You can get rid of the horizontal beams, they won't help for structural purposes. If you want to use them for tying that's of course fine Cool

Screw some rings in the frame for creative ropework Big Grin

Edit: jtr765 makes a good point as well.
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#6
(05 Aug 2014, 09:05 )jtr765 Wrote: Maybe you could use small diagonal stiffeners in each corner (about 40-50 cm). The corners would be stronger and the main opening would stay open

...*facepalm* You're absolutely right. I can't believe I missed that. Fool2

(05 Aug 2014, 21:22 )Anne Wrote: Indeed one side will be enough. If you put cross beams on 3 sides + top and build a frame around the base as you drew on top it will be very rigid. You can get away with steel cables under tension in stead of the beams but that's up to you.

You can get rid of the horizontal beams, they won't help for structural purposes. If you want to use them for tying that's of course fine Cool

While I like the idea of tensioned cables, I do have some reservations. In my mind, I'm seeing an eyebolt pulling out of the wood or the cable sliding out of a cable clamp. Also, it would be another set of tools that I'd need.

The horizontal beams in the middle were mainly there to create another level of tie points.

Based on jtr765's comment, how about this (as viewed from the inside looking toward the corner)?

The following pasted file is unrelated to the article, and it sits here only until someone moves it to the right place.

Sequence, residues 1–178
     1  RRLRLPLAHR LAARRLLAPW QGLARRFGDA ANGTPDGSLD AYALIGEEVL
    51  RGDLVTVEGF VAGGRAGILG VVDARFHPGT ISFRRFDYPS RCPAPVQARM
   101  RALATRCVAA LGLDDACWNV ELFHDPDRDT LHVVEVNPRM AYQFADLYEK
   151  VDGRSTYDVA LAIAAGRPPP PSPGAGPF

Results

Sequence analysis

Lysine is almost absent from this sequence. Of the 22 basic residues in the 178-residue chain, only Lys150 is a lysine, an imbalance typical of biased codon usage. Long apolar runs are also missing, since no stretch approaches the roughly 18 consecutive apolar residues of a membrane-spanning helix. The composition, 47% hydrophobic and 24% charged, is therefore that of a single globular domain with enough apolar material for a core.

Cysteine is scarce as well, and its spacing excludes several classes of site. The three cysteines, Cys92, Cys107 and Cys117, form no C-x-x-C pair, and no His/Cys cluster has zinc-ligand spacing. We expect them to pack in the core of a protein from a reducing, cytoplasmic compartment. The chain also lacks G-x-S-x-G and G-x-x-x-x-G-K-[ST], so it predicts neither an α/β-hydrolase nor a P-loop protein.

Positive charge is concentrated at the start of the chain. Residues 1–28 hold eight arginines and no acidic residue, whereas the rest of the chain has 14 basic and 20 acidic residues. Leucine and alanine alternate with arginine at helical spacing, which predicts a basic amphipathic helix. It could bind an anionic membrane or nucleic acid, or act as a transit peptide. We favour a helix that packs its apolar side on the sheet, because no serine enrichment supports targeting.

sling frame 4.jpg thumbnail   

Anne's comment about framing around the base actually brings up something else I hadn't thought of: tie points at the bottom so that I can reduce swinging by tying downwards. I might add a couple of rails along the bottom for that.

Also, I just ran some quick calculations, and this thing is going to be a beast. It's looking to be something in the range of 250-300 lbs (115-135 kg) for the lumber. If I add that to the weight of my bed plus myself, that's something like a 700 lb (315 kg) dead load. As I'm thinking more about it, I might move the bed out to give me a little more buffer for live loads so I don't end up creating a skylight for my neighbors downstairs. Goodness, wouldn't that be embarrassing? Shok
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#7
I was looking at your little cage idea, and notice something that may or may not help. The two end assemblies seem fine, but connecting them together from the head of the bed to the foot of the bed seems to be problem.
The two crossmembers you have shown, looks like a cross. My question would be is " do these braces pass each other, and is there a gap of 2 inches between these braces?"
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#8
(06 Aug 2014, 16:24 )Tinker D Wrote: I was looking at your little cage idea, and notice something that may or may not help. The two end assemblies seem fine, but connecting them together from the head of the bed to the foot of the bed seems to be problem.
The two crossmembers you have shown, looks like a cross. My question would be is " do these braces pass each other, and is there a gap of 2 inches between these braces?"

I'm cross-lapping the braces on the end (a half lap joint), so both members will be flush against the post. I'll use a stronger wood for those members to make sure that center join isn't too weak.

For the corner braces, they will sit flush against the inside of the horizontal rails. At the top, it's connected to the top rail, while the bottom end is connected to both the center rail and directly into the post. The corner brace on top sits flush on top of everything.
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#9
Then it should be ok. But test it for wiggle failure.
I don't think you would want it come down while your playing.